“We are on the brink of an economic transformation and it is happening on a huge scale, all by itself, and we cannot even see it. It’s being dubbed the digital economy, and by 2025 it will be the same size as the 1995 physical economy. In two to three decades, it will surpass the physical economy in size.”1
This economic transformation could be largely attributed to mobility, the consumerisation of IT and thus, the meteoric growth of the cloud. According to Gartner and IDC, by 2015, two-thirds of computing devices will be smartphones and media tablets, which are already driving the demand for storage in the cloud (Figure 1). To put this into perspective, in 2010, 62% of data storage was moved into the client market. Seagate projects that by 2020, data storage will dramatically shift to the cloud, accounting for 61% of all data, and two-thirds of that data will be in personal clouds. Such a transformation in a relatively short period of time is placing increased pressure on storage systems. The days of managing a company’s storage solely in terms of performance and reliability are over. Today, and for the foreseeable future, storage must address not only performance and reliability, but also uncontrollable data growth, differing workloads and ever-growing customer demand for content.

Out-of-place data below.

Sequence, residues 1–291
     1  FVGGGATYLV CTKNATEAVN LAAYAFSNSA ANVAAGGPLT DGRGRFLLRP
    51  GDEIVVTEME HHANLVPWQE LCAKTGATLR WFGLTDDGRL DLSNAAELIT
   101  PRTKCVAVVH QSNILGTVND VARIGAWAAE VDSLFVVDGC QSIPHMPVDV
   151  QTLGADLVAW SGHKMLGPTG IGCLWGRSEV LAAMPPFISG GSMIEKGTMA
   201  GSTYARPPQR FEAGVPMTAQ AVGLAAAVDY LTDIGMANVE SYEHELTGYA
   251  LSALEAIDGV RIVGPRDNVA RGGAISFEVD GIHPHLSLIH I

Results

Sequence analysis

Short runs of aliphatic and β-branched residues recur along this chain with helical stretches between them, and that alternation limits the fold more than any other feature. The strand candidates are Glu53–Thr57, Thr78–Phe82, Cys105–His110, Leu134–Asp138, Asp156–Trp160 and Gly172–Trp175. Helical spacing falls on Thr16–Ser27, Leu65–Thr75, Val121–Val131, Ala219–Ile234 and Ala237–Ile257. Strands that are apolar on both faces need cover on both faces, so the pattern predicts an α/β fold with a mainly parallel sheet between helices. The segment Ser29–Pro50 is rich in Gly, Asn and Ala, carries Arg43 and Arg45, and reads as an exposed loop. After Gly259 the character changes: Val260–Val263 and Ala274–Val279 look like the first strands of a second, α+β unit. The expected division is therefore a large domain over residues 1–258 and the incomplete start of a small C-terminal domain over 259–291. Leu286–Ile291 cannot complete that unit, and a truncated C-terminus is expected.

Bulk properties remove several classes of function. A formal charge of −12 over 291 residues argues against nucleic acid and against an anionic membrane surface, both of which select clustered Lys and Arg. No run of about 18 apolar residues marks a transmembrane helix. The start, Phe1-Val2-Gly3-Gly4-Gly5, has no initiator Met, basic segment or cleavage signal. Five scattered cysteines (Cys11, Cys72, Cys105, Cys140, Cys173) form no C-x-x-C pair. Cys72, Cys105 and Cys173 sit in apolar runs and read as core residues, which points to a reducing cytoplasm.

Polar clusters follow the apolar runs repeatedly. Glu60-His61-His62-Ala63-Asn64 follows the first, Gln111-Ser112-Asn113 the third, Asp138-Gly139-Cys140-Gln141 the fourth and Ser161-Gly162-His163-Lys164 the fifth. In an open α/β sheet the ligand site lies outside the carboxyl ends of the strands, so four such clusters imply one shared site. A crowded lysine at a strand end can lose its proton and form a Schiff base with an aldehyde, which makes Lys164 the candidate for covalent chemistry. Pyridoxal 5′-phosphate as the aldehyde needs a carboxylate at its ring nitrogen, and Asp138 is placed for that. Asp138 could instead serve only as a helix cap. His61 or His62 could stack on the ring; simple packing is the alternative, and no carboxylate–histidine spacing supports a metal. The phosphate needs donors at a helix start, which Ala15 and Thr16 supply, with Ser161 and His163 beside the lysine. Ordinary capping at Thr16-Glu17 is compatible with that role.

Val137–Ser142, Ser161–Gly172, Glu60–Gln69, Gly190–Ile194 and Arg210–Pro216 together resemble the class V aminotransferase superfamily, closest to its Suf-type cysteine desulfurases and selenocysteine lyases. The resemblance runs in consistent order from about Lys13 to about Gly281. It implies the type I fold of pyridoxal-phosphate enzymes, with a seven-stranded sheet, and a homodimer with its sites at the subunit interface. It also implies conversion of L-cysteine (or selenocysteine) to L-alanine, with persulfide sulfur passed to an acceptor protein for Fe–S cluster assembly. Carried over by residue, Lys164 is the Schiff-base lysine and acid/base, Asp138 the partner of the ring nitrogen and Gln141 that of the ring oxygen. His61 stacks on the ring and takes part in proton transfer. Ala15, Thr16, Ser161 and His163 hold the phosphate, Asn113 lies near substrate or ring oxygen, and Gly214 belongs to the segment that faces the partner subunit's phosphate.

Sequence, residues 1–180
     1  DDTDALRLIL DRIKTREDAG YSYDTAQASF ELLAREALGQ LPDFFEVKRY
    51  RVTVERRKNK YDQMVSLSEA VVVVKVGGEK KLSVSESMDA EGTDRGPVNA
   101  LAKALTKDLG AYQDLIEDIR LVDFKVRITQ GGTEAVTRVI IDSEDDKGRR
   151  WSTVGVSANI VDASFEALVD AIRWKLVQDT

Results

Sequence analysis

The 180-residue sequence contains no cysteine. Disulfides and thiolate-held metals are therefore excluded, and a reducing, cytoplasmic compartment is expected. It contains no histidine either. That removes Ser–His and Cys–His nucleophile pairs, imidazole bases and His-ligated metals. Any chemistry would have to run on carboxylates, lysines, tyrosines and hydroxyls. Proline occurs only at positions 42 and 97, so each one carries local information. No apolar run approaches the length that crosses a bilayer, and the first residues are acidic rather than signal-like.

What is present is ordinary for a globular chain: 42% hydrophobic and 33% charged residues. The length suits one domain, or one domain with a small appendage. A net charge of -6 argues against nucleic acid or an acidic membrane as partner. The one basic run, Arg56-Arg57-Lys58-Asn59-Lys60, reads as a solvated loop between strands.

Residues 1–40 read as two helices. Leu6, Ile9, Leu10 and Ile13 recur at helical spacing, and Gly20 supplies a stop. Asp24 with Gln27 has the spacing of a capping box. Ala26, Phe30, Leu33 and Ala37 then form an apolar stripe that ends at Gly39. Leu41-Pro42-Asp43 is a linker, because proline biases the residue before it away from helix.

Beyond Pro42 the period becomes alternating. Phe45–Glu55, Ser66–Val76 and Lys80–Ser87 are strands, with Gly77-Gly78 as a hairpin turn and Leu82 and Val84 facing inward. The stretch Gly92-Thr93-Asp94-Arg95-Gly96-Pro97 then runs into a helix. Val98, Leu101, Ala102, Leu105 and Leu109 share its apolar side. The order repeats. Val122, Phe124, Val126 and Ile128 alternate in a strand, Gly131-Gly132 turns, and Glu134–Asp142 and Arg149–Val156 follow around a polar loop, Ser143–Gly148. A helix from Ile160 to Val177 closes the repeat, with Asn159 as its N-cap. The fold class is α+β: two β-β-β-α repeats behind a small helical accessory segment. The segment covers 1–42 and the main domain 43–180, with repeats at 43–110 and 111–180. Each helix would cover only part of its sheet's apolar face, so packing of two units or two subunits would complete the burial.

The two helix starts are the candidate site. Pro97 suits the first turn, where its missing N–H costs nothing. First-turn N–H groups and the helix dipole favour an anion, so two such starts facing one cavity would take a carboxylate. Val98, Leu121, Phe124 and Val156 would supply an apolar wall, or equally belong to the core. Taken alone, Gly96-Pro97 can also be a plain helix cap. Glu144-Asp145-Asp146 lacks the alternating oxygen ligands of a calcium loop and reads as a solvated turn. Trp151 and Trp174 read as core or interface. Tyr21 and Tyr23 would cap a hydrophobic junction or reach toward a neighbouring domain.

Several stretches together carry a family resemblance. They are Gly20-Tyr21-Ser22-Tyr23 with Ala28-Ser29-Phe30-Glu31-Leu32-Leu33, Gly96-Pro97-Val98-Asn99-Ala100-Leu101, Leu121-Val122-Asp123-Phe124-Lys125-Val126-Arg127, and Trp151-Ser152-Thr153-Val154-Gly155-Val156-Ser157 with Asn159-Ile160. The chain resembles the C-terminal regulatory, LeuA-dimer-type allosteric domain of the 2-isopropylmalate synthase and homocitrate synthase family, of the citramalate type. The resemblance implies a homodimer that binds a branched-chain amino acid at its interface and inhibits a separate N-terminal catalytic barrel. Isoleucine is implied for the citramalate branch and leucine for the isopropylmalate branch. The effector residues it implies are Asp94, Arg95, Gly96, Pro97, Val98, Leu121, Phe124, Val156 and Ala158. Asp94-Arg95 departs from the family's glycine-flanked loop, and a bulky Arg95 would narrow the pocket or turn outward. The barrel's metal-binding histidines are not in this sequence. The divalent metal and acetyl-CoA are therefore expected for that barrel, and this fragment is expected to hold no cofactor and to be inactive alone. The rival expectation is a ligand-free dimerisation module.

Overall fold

Figure 1. Mobile Device Growth
Uncontrollable Data Growth
The advent of cloud computing marked the beginning of this global transformation in how data is created, shared, stored and archived, regardless of the user. Data is being created almost automatically, uncontrollably. From global financial institutions to small businesses, to everyday consumers, data via the cloud will touch each and every one of us on a daily, hourly and even real-time basis. To accommodate such data growth and capacity demand, cloud platfroms are emerging everywhere. From traditional corporate private clouds and new public clouds, to Telco and content delivery networks (CDNs), to personal clouds we have in our homes and mobile clouds we take with us wherever we go, the demand for storage capacity continues to grow.
In 2011, it is estimated that enterprise HDD capacity demand alone for both public and private cloud services accounts for 13.7 exabytes of the 58.6 exabytes of total enterprise computing (EC) capacity delivered. That is 23% today, and it is expected to nearly triple over the next 10 years2 (Figure 2).
Figure 2. HDD capacity demand for private and public clouds